At some point, the 49ers are going to have to start evaluating Lattimore’s current abilities rather than just the potential he had before he wrecked his knee. With Hunter and James out of training camp, that would be more opportunities for Lattimore to get practice.
It makes sense the 49ers would sign a veteran running back to help take some of the wear and tear off of the remaining healthy running backs—a camp body, as it were, to reduce Gore and Hyde’s workloads. The veteran would be a long-shot to make the final roster but would have a chance to show off in the preseason. That way, if another running back went down anywhere in the league, they’d have recent film for GMs to look at so they could fill the roster slot.
Who’s available in the last week of July? The pickings are slim.
According to his own instagram, the 49ers went with Alfonso Smith, who has spent the last five seasons buried on the depth chart in Arizona. He did play in 43 games for the club but mostly on special teams—he ended up with 48 carries for 156 yards in Arizona, most of them in 2011. Smith ran a 4.38 40-yard dash at his pro day at Kentucky, so he’s got speed, but that’s about it.
Smith received a -2.9 grade from Pro Football Focus (subscription required) last season, though it’s worth noting most of that happened against San Francisco in Week 6, when he had one carry that resulted in a fumble, as seen in this GIF (Smith is No. 29).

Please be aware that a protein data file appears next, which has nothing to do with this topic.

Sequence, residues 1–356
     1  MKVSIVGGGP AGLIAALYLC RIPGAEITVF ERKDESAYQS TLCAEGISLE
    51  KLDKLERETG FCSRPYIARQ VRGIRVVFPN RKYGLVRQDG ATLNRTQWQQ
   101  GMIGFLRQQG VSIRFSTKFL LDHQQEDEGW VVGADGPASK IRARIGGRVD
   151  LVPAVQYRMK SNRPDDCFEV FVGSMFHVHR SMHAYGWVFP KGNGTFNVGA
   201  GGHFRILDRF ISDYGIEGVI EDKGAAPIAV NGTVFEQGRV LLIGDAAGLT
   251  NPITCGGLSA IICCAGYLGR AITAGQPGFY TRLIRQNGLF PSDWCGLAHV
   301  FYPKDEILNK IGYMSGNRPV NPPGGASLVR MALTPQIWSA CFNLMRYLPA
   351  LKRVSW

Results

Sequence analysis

He also scored at -9.5 on special teams, so he’s little more than just a guy, to a certain point. He’s never shown a lot of agility or raw performance, even in college. Expect to see a lot of Smith and Jewel Hampton during the second half of preseason games as everyone else rests their legs.
Then again, no matter who the 49ers signed to fill Hunter’s roster spot, they would have been a long-shot to make the roster. As it stands right now, I expect the 49ers to start the season with a running back corps of Gore, Hyde, Lattimore and James. While that’s a bit of a downgrade from Kendall Hunter, the 49ers have the depth to absorb the injury without losing too much of a step.